A delay in the achievement of motor or mental milestones in the domains of development of a child, including motor skills, speech and language, cognitive skills, and social and emotional skills. This term should only be used to describe children younger than five years of age.
Inability to walk
MedGen UID:
107860
Concept ID:
C0560046
Finding
Incapability to ambulate.
Cerebellar atrophy
MedGen UID:
196624
Concept ID:
C0740279
Disease or Syndrome
Cerebellar atrophy is defined as a cerebellum with initially normal structures, in a posterior fossa with normal size, which displays enlarged fissures (interfolial spaces) in comparison to the foliae secondary to loss of tissue. Cerebellar atrophy implies irreversible loss of tissue and result from an ongoing progressive disease until a final stage is reached or a single injury, e.g. an intoxication or infectious event.
Developmental regression
MedGen UID:
324613
Concept ID:
C1836830
Disease or Syndrome
Loss of developmental skills, as manifested by loss of developmental milestones.
Absent speech
MedGen UID:
340737
Concept ID:
C1854882
Finding
Complete lack of development of speech and language abilities.
Intellectual disability
MedGen UID:
811461
Concept ID:
C3714756
Mental or Behavioral Dysfunction
Intellectual disability, previously referred to as mental retardation, is characterized by subnormal intellectual functioning that occurs during the developmental period. It is defined by an IQ score below 70.
Aplasia/Hypoplasia involving the central nervous system
MedGen UID:
871188
Concept ID:
C4025665
Finding
Absence or underdevelopment of tissue in the central nervous system.
Brain atrophy
MedGen UID:
1643639
Concept ID:
C4551584
Disease or Syndrome
Partial or complete wasting (loss) of brain tissue that was once present.
Abnormality of the coagulation cascade
MedGen UID:
604
Concept ID:
C0005779
Disease or Syndrome
An abnormality of the coagulation cascade, which is comprised of the contact activation pathway (also known as the intrinsic pathway) and the tissue factor pathway (also known as the extrinsic pathway) as well as cofactors and regulators.
Hypotonia
MedGen UID:
10133
Concept ID:
C0026827
Finding
Hypotonia is an abnormally low muscle tone (the amount of tension or resistance to movement in a muscle). Even when relaxed, muscles have a continuous and passive partial contraction which provides some resistance to passive stretching. Hypotonia thus manifests as diminished resistance to passive stretching. Hypotonia is not the same as muscle weakness, although the two conditions can co-exist.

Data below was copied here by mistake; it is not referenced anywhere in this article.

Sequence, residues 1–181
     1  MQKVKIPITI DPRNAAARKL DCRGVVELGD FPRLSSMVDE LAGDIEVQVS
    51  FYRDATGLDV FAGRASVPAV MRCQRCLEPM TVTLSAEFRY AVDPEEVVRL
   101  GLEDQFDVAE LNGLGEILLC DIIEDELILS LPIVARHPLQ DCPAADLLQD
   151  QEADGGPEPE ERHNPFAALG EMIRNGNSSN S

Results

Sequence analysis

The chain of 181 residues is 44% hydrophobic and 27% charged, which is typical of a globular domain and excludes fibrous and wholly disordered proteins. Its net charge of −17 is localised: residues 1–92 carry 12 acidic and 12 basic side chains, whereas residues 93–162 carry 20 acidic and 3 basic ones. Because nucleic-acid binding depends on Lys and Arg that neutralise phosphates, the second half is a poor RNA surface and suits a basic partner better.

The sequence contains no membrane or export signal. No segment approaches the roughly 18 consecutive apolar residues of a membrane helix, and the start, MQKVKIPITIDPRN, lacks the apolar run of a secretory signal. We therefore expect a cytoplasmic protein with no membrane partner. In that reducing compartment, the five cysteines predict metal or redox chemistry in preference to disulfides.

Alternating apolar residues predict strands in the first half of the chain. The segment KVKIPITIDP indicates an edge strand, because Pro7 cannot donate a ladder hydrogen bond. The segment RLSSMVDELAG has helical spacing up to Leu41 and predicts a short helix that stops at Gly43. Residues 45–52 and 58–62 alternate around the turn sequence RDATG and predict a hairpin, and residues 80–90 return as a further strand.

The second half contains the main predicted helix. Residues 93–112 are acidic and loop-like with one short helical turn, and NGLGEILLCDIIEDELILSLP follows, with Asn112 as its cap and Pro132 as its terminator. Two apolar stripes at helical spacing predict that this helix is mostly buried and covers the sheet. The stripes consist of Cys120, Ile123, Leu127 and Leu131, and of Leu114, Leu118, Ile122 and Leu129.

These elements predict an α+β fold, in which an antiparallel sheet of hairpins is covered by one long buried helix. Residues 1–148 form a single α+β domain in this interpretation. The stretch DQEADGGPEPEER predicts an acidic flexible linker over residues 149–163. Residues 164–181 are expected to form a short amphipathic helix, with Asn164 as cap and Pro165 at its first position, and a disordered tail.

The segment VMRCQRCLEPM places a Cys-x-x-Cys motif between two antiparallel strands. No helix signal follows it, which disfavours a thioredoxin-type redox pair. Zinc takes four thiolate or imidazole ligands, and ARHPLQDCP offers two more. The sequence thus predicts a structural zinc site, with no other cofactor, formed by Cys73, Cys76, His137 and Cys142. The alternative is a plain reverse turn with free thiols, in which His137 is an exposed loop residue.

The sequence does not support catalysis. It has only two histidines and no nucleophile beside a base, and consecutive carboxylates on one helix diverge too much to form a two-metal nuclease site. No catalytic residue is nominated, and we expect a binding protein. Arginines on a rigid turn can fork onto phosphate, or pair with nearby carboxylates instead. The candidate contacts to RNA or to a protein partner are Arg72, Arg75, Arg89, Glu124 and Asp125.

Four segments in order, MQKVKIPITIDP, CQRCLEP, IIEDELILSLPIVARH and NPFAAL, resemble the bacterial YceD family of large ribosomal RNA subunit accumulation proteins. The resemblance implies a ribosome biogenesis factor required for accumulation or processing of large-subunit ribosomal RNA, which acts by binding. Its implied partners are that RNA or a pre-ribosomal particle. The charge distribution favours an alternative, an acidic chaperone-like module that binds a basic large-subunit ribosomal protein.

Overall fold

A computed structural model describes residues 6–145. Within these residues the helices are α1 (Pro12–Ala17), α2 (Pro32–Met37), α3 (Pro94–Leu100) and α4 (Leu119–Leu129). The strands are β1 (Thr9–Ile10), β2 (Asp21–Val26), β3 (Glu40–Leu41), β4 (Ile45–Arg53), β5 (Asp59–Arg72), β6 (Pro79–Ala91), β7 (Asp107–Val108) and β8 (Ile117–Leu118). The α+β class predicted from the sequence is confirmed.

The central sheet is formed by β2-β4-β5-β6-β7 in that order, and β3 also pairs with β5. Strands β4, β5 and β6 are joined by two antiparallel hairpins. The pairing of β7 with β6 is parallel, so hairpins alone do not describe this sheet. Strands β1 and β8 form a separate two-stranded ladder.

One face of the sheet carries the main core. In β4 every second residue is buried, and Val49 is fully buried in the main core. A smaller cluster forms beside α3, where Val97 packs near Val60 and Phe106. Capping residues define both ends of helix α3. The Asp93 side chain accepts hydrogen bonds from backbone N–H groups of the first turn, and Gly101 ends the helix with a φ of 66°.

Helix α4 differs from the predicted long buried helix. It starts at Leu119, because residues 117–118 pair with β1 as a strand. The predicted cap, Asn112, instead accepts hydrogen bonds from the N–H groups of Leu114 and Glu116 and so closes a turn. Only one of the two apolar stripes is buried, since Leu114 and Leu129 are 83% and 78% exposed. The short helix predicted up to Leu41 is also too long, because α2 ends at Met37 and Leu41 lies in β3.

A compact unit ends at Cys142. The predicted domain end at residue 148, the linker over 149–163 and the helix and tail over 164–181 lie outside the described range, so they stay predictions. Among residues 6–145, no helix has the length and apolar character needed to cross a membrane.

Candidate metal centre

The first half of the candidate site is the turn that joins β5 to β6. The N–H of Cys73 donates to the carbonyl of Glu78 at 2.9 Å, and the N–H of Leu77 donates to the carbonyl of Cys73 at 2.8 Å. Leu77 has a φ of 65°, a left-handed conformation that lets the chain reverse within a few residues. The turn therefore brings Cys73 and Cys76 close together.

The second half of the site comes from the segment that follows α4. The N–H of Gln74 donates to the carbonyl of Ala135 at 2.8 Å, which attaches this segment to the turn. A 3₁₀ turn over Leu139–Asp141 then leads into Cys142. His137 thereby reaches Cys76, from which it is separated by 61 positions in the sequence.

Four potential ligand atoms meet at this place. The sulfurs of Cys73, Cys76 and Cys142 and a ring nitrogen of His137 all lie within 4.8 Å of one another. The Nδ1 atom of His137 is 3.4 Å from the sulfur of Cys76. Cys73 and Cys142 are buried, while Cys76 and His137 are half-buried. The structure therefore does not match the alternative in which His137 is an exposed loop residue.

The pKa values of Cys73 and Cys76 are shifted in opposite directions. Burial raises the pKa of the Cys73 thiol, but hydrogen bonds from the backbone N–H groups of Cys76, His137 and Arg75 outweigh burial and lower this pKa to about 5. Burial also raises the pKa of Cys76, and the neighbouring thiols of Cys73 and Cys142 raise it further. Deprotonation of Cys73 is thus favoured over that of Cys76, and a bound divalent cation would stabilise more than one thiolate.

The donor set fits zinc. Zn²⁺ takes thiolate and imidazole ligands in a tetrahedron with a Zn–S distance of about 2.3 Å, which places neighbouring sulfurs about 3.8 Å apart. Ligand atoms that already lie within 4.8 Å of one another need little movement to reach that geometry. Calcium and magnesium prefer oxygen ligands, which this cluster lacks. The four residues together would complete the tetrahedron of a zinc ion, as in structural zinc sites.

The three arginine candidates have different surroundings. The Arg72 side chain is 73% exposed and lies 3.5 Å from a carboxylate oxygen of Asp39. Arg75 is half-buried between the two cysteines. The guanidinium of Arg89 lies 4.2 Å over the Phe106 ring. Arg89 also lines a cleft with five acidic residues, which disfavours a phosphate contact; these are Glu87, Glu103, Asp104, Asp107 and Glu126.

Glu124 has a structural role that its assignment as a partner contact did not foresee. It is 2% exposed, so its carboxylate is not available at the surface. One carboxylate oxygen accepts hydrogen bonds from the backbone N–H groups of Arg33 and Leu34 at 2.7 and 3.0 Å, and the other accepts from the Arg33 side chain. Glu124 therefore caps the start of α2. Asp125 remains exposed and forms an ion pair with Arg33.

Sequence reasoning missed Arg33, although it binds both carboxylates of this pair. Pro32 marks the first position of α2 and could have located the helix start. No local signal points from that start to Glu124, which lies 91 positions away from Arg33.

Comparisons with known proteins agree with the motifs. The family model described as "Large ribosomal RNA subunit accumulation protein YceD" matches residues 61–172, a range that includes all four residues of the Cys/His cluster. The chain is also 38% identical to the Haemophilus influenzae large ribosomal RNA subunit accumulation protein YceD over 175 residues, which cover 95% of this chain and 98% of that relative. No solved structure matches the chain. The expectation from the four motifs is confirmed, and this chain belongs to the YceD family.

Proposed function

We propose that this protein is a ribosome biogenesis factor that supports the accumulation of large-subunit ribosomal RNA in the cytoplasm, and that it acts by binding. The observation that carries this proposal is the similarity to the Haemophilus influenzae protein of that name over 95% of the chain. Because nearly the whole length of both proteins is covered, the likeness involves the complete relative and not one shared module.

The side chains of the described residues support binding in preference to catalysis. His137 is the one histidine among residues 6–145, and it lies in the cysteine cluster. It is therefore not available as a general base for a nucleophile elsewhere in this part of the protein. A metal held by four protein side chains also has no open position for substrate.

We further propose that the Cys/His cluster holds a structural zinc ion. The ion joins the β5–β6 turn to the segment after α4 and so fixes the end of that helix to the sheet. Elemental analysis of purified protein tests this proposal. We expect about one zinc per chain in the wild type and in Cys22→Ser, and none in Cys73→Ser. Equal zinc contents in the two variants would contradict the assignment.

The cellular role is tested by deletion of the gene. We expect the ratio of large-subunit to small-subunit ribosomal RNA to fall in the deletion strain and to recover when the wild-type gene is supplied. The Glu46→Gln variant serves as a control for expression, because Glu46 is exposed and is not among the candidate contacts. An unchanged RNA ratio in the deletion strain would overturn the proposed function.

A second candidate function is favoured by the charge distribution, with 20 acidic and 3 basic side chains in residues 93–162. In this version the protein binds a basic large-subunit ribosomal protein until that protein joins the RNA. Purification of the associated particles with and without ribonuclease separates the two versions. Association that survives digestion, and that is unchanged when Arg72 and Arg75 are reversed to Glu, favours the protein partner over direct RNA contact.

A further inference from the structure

Generalized hypotonia
MedGen UID:
346841
Concept ID:
C1858120
Finding
Generalized muscular hypotonia (abnormally low muscle tone).
Microcephaly
MedGen UID:
1644158
Concept ID:
C4551563
Finding
Head circumference below 2 standard deviations below the mean for age and gender.
Recurrent infections
MedGen UID:
65998
Concept ID:
C0239998
Finding
Increased susceptibility to infections.
Neonatal sepsis
MedGen UID:
96816
Concept ID:
C0456103
Disease or Syndrome
Systemic inflammatory response to infection in newborn babies.
Lactic acidosis
MedGen UID:
1717
Concept ID:
C0001125
Disease or Syndrome
An abnormal buildup of lactic acid in the body, leading to acidification of the blood and other bodily fluids.
Hypoglycemia
MedGen UID:
6979
Concept ID:
C0020615
Disease or Syndrome
A decreased concentration of glucose in the blood.
Hyper-beta-alaninemia
MedGen UID:
75702
Concept ID:
C0268630
Disease or Syndrome
An increased concentration of alanine in the blood.
Hyperammonemia
MedGen UID:
1802066
Concept ID:
C5574662
Laboratory or Test Result
An increased concentration of ammonia in the blood.
Optic atrophy
MedGen UID:
18180
Concept ID:
C0029124
Disease or Syndrome
Atrophy of the optic nerve. Optic atrophy results from the death of the retinal ganglion cell axons that comprise the optic nerve and manifesting as a pale optic nerve on fundoscopy.